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What will cars look like in 2050?

Posted on: August 20, 2014 by Platinum Direct

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It’s the year 2050. You are sitting behind the steering wheel of your quaint, cable-charged car. Only, you have your arms on your lap and you are kicking back as your automous driving car meanders itself along the road, navigating its own way to your destination.

While this is merely a figment of the imagination here in 2014, these ideas are actually not as farfetched as you may think. In fact, with the advancement of the internet of things, car companies such as Toyota and Volkswagen and even Google are already scheduling to start the mass-production of driverless cars as early as 2015.

Driverless Car
Image: www.theguardian.com

To illustrate this point, Google engineers have already put the pioneers of self-driving cars to the test – experimenting with how well they can drive across more than 300,000 kilometres of public road without the helping hand of a human. These cars are equipped with location-based technologies like those underlying Google Maps and Google Glass, meaning all you have to do is say where you want to go and enjoy the ride.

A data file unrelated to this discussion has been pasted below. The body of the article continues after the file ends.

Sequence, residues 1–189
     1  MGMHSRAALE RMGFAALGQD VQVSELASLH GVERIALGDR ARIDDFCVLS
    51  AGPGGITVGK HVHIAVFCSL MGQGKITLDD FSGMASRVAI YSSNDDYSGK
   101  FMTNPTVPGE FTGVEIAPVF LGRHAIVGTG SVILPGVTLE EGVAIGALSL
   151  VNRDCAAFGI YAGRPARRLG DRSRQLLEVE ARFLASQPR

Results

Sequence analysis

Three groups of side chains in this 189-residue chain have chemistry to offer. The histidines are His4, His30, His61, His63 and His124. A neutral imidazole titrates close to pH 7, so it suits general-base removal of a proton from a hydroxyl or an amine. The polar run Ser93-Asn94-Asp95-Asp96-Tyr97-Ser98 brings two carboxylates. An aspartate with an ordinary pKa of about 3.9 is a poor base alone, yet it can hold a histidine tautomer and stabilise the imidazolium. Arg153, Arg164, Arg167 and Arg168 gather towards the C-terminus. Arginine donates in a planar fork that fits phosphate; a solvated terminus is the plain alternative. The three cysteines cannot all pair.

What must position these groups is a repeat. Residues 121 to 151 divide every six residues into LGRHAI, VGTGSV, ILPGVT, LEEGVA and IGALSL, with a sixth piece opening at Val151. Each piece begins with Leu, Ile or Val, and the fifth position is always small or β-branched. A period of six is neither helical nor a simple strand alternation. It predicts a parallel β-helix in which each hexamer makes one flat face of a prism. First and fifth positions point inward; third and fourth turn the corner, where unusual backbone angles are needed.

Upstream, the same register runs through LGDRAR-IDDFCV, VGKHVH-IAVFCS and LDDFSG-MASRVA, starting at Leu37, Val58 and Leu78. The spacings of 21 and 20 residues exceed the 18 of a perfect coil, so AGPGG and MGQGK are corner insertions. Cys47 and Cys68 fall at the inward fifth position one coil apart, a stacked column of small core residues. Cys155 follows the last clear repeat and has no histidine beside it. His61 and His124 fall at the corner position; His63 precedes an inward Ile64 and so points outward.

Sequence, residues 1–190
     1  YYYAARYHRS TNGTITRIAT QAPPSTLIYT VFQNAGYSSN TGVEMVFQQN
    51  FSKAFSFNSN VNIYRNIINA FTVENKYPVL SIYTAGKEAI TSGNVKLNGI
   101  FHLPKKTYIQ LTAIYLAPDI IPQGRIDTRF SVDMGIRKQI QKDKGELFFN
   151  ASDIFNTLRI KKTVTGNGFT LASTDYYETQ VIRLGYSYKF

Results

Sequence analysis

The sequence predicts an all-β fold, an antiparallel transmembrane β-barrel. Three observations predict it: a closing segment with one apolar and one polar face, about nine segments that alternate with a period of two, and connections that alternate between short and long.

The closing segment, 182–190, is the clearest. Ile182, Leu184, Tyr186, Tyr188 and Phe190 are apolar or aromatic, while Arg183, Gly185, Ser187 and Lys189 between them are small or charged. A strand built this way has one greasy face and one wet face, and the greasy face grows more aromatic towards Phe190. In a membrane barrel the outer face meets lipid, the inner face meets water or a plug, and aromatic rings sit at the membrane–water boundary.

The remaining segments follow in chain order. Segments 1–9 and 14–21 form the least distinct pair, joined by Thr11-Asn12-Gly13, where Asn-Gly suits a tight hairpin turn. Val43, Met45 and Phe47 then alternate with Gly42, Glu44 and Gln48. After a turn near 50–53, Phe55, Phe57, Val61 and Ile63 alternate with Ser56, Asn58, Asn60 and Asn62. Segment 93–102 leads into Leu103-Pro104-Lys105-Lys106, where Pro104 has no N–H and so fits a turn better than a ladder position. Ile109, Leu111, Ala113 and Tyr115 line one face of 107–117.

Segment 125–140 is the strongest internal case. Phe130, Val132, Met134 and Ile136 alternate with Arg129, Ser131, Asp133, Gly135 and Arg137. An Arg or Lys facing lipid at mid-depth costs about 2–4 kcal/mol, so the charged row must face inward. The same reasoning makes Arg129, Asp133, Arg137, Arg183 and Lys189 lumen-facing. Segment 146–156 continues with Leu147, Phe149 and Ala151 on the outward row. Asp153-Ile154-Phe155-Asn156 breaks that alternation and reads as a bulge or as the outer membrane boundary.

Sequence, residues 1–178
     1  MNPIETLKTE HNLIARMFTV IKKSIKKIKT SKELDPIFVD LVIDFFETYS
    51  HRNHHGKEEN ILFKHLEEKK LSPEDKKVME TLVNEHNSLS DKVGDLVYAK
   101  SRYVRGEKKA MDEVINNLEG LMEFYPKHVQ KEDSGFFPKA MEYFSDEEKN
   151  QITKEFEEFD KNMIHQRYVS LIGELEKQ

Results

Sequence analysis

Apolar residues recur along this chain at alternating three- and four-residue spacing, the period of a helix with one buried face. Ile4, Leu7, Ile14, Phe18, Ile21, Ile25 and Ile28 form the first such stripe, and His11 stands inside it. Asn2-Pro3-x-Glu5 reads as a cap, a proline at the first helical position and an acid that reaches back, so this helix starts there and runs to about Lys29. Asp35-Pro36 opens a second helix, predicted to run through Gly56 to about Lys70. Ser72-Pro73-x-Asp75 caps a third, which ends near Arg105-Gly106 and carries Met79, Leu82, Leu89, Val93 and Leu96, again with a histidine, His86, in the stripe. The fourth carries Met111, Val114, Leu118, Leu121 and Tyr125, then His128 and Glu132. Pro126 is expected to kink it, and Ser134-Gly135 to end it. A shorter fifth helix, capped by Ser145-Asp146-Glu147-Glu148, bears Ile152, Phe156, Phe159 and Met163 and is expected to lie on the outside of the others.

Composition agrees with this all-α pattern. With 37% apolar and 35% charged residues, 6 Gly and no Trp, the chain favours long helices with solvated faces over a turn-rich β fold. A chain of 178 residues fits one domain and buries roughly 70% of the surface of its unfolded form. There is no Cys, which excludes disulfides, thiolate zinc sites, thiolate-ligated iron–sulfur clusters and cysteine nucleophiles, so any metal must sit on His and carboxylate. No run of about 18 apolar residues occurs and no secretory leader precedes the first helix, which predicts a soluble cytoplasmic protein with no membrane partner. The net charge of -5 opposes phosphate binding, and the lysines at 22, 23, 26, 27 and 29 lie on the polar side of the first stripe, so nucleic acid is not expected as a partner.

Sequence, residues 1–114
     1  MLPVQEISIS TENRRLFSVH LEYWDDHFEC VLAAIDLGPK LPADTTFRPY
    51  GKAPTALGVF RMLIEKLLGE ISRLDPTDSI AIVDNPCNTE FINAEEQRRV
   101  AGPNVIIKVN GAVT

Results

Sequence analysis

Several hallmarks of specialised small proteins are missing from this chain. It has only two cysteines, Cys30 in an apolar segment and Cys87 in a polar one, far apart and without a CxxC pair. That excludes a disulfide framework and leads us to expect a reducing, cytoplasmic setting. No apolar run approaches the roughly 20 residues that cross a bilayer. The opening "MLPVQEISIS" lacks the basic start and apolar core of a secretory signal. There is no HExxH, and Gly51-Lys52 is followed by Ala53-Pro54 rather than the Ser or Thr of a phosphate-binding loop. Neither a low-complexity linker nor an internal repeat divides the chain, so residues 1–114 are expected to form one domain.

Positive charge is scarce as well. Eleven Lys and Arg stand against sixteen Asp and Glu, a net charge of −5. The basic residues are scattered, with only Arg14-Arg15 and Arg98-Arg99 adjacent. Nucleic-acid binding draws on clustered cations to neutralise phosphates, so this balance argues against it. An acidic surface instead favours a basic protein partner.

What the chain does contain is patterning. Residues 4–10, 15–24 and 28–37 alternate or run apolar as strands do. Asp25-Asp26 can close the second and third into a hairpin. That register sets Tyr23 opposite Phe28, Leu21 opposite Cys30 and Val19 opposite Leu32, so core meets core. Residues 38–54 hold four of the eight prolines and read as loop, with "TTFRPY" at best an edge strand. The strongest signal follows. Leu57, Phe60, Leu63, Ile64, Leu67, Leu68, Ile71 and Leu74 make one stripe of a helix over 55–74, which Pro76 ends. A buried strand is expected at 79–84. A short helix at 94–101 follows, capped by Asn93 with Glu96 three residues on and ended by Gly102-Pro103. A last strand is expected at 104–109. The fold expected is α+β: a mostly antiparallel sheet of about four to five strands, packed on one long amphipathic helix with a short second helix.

With the testing proving successful, it is predicted that we will be seeing these self-driving cars in showrooms within the next few years. So, I suppose cars of the future will be looking a lot more autonomous than they do now. Have you heard of Navia’s 100 percent electric, automated transport shuttle?

While not the fastest guy on the track, it is able to ferry about eight passengers around areas like city-centres using onboard lasers and senses to navigate around obstacles.

With robotic devices like this existing today, we have all the more reason to say that cars by 2050 will be self-driving and looking more electric, and less-gas dependent than what we know.

Navia 100
Image: popularmechanics.com

This is obviously good news for the environment and those who are conscientious about energy-usage when they buy a car.

The futurist think tank, the Da Vinci Institute, suggests that the car industry will also explore the concept of ‘binary-powered vehicles’ – friction-free, no-moving-part cars powered by beams of energy.

While vehicles in 2050 are thought to generally cost lower than those today – under $5000 according to Da Vincii Institute papers – car finance will probably remain a popular way to gaining a car. This means that the ideal ways that exist today for getting a car can still be used to make life all the easier in 2050.

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